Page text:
The Old Testament was written in Hebrew.
The Apocrypha of the Old Testament was mostly written in Greek.
(There are a few disputed sections of some books (such as Daniel) that some scholars believe were originally written in Aramaic or Greek and translated to Hebrew, but those are not large passages and the conjectured original language is disputed).
The New Testament was written entirely in Greek.
(There is an ancient story that Matthew was originally written in Aramaic and later translated or re-written in Greek. Most scholars today do not support that story.)
The entire bible was translated into Latin (in what was then called the common, or vulgar, tongue and is now referred to as the vulgate).
The Authorized Version (aka the King James Version) was translated directly from the original Hebrew and Greek–except for a couple of sections for which King James’ scholars did not have good original sources, those were translated from the vulgate.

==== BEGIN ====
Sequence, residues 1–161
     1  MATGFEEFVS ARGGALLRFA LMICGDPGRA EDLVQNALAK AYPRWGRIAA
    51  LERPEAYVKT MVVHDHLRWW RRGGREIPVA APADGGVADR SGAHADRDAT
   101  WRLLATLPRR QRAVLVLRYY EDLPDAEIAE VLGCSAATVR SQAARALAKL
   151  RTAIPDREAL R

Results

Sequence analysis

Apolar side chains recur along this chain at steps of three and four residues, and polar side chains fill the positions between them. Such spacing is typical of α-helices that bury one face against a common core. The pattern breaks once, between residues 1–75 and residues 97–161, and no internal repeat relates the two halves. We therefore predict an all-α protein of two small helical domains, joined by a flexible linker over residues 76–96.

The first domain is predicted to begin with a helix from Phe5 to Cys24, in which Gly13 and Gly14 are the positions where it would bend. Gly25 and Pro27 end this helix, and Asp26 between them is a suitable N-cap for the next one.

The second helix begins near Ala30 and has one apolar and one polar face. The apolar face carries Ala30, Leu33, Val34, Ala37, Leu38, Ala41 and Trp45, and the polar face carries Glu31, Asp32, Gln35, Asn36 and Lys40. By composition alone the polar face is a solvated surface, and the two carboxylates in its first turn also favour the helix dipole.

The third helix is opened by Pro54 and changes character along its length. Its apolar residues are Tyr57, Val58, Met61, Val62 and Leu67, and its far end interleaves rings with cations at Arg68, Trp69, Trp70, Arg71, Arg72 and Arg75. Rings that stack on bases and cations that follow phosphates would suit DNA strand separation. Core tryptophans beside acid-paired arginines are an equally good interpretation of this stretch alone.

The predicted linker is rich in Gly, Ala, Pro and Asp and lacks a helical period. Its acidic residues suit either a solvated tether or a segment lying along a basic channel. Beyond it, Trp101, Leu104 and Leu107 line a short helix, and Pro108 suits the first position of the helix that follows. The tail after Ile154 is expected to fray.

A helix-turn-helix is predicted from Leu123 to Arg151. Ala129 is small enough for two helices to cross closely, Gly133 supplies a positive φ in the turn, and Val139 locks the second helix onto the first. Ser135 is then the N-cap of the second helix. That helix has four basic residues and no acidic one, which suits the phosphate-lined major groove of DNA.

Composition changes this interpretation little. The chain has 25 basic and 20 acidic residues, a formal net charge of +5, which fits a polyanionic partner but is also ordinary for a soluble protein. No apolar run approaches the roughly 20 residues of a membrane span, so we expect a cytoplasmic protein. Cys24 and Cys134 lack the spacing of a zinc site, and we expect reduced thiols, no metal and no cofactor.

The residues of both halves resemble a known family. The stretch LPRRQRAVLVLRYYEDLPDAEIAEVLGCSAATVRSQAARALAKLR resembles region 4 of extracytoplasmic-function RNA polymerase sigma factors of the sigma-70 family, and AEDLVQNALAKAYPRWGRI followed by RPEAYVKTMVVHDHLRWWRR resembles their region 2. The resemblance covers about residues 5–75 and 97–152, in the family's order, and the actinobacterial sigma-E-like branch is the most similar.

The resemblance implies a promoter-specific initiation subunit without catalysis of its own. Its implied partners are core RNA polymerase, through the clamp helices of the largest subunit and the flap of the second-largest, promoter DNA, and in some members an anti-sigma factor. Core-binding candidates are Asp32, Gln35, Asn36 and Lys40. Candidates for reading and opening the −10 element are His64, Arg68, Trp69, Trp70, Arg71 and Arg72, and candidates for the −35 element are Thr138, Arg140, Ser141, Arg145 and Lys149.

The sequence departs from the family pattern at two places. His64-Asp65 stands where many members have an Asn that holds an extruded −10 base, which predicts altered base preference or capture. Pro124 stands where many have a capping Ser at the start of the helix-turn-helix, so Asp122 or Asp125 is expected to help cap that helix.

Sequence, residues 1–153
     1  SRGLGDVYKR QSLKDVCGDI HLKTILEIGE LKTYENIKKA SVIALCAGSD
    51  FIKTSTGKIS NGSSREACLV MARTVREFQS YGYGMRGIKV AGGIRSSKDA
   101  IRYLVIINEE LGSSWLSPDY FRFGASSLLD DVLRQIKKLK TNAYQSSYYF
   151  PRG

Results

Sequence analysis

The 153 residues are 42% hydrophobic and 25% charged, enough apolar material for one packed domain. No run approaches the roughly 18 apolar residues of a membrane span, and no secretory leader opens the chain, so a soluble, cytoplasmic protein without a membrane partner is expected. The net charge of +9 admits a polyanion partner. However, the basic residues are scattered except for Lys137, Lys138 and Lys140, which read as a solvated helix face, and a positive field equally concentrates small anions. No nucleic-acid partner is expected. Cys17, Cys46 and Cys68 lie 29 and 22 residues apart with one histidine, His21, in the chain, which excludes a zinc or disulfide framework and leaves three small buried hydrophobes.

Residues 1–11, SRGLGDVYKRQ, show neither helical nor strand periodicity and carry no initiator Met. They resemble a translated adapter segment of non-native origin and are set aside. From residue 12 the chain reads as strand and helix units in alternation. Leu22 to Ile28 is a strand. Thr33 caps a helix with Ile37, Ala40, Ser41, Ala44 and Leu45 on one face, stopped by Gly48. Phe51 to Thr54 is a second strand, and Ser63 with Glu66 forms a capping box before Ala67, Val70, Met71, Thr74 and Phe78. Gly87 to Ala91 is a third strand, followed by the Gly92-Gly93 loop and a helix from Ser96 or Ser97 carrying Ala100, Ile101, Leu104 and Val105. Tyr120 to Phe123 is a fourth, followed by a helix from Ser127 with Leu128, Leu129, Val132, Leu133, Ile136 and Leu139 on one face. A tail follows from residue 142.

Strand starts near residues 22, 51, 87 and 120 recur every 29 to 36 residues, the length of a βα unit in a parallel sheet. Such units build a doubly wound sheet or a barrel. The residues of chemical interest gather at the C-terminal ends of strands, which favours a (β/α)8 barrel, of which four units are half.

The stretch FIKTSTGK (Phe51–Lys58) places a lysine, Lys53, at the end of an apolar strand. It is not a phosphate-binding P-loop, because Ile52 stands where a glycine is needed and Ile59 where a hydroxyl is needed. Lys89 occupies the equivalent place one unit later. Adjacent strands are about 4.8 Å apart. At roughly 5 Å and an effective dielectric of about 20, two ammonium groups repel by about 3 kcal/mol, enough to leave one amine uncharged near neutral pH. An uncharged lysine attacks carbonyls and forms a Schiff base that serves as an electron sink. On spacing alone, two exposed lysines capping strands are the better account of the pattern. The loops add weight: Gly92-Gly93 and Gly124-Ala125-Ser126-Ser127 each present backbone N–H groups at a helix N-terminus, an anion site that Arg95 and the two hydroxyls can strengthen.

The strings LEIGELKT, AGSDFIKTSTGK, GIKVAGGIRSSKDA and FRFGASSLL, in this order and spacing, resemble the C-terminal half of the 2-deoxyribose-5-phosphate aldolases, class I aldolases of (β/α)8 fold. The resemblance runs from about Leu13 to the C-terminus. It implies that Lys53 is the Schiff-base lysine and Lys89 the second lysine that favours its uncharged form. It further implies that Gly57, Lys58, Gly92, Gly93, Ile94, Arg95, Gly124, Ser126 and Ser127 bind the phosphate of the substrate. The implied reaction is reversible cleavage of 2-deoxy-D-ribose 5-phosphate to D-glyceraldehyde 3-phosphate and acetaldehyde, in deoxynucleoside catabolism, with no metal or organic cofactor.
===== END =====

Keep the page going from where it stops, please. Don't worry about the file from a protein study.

The Revised Standard Version is based upon the KJV, but since all the sources were available by the mid 1940’s, when it was written, it can be considered a translation directly from the original. Later translations such as the New International Version are all translated directly from the original languages.
The copies we have in original languages have a few possibly corrupted passages. However, the Jewish Masoretes attempted a complete correction of the text in the 9th and 10th (?) centuries. When copies of the Jewish testament were found at Qumran (the Dead Sea Scrolls), the Masoretes’ efforts turned out to have been amazingly good.
Similarly, the oldest complete texts of the New Testament date to the fourth century, but fragments dating to the second century have generally matched the later texts.
While it is possible that a few phrases has become lost or corrupted over time, the odds are pretty good that a modern translation is taken from a pretty accurate copy of the originals.